I grew up in a developing country that was beset with problems and it was difficult to believe that positive changes could take place in my country. I came to America and started my residency program with that same belief – the belief that change was extremely difficult and nearly impossible especially when dealing with changing behaviors. People have always been known to resist changes.
The truth is my work has always contradicted my beliefs. I have been involved in several programs that have aimed to institute positive behavioral changes among individuals and even founded such a program back in medical school but I never truly believed in the effectiveness of these programs. I stuck to the dogma that for change to occur, it had to be cataclysmic and evolutionary.
It was with this same mindset that I applied to the Telluride Academy for Emerging Leaders in Patient Safety. I hoped to gain tremendous knowledge on how to institute changes among individuals and systems but I wasn’t expecting such knowledge to be of much significance given the deplorable state of patient safety and quality improvement in the American Healthcare system. It was going to be just another conference.
My expectations were cut short on the very first day of arrival when I met with a group of other delegates. I was having lunch with three other guys and we were discussing when I said, “Everything we discuss in this conference will probably have no use until twenty to thirty years from now.” I was met with silence and at first I was embarrassed at my statement but it got me thinking about how passionate these guys were. I listened to their stories and heard how they were making “little changes” in their hospitals which was amazing. They actually believed in what they were doing and not just doing it.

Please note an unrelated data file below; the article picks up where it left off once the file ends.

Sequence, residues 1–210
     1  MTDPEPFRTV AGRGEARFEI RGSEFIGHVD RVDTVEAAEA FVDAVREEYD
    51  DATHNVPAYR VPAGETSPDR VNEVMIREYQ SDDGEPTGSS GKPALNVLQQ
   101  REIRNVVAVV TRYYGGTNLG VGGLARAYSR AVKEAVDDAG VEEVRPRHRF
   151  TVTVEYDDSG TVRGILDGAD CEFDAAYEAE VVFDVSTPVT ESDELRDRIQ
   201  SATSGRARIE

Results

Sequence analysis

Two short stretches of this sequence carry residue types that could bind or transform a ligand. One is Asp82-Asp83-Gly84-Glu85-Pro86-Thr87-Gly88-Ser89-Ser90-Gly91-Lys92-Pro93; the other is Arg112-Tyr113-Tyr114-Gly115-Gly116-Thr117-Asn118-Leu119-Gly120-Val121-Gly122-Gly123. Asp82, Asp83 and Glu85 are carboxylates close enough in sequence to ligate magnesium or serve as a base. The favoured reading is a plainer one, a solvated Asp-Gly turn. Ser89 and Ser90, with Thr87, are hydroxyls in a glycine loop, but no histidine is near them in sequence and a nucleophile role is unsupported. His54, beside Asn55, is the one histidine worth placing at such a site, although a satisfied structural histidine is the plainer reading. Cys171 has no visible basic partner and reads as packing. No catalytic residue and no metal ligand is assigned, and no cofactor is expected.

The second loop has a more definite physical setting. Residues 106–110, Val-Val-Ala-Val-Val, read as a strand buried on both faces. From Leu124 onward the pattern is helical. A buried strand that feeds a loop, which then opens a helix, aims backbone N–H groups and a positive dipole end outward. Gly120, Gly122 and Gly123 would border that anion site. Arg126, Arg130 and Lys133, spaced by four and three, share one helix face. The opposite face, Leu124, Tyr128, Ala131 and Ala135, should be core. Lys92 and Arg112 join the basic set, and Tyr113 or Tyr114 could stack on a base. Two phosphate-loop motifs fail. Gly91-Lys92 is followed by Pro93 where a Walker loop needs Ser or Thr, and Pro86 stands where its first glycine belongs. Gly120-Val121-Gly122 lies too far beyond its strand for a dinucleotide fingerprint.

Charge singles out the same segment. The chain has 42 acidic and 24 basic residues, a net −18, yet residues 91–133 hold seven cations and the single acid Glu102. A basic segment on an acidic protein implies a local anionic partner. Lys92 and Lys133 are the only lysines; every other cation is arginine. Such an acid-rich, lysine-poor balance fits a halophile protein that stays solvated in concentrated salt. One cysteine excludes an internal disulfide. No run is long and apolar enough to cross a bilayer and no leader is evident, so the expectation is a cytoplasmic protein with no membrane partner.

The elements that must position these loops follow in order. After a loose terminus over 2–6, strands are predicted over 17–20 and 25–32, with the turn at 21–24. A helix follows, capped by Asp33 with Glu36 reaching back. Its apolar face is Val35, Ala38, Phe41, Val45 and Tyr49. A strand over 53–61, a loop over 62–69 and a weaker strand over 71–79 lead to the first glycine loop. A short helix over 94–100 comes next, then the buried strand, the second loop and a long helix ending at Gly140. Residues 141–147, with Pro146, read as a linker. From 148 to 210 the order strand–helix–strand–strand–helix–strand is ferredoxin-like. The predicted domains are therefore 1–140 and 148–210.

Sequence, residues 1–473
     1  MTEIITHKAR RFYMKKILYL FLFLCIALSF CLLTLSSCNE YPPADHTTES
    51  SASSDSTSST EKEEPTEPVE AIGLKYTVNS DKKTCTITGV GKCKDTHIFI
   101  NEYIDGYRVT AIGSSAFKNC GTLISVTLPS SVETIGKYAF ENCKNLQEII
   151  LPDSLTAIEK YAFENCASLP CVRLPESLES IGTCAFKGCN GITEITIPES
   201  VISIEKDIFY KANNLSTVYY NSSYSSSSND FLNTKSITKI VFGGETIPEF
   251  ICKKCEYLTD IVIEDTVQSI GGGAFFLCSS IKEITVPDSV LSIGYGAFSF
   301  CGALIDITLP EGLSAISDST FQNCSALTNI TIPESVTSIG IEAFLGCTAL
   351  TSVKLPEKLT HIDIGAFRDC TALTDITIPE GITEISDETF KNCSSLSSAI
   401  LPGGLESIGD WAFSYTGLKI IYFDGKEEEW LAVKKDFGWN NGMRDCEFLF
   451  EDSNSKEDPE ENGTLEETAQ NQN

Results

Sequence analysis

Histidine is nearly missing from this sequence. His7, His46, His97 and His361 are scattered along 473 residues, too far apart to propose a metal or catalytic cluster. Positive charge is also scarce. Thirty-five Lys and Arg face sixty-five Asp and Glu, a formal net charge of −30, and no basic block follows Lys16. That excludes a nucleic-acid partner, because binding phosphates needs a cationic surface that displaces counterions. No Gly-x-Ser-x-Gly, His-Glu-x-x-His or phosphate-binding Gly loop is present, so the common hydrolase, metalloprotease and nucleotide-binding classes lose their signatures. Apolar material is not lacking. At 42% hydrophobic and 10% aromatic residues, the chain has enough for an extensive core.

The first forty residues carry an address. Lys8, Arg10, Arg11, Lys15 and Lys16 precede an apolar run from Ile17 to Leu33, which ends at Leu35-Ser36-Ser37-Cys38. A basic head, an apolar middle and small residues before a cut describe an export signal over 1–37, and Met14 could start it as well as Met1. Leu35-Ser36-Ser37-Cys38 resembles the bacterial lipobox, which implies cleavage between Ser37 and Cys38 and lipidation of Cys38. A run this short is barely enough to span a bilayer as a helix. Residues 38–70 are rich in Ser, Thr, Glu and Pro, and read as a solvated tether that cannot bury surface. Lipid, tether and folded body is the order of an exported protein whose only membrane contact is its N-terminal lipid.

The following day, while giving a presentation, Dave made a comment which was well-known to me but struck me in a different light. He said, “Never doubt that a small group of people can change the world. Indeed, it is the only thing that ever has.” His words resonated like I was hearing them for the first time. Those words have got me pondering on the need to actually believe in the works that I do to bring about positive changes because maybe in those little successes that I have achieved, a revolution is being born.